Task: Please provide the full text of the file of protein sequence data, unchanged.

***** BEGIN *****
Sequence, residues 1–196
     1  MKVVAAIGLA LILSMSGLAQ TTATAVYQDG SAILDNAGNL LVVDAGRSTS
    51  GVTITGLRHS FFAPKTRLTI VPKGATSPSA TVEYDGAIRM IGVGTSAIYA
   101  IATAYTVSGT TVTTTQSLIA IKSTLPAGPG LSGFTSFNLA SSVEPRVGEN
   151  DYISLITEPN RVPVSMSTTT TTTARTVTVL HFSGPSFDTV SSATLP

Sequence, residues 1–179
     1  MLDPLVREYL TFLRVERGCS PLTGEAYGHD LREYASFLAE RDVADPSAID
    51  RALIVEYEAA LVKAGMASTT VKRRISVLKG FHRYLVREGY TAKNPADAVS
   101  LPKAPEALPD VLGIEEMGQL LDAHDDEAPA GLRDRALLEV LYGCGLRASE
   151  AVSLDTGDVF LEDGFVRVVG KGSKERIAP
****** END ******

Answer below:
Sequence, residues 1–196
     1  MKVVAAIGLA LILSMSGLAQ TTATAVYQDG SAILDNAGNL LVVDAGRSTS
    51  GVTITGLRHS FFAPKTRLTI VPKGATSPSA TVEYDGAIRM IGVGTSAIYA
   101  IATAYTVSGT TVTTTQSLIA IKSTLPAGPG LSGFTSFNLA SSVEPRVGEN
   151  DYISLITEPN RVPVSMSTTT TTTARTVTVL HFSGPSFDTV SSATLP

Sequence, residues 1–179
     1  MLDPLVREYL TFLRVERGCS PLTGEAYGHD LREYASFLAE RDVADPSAID
    51  RALIVEYEAA LVKAGMASTT VKRRISVLKG FHRYLVREGY TAKNPADAVS
   101  LPKAPEALPD VLGIEEMGQL LDAHDDEAPA GLRDRALLEV LYGCGLRASE
   151  AVSLDTGDVF LEDGFVRVVG KGSKERIAP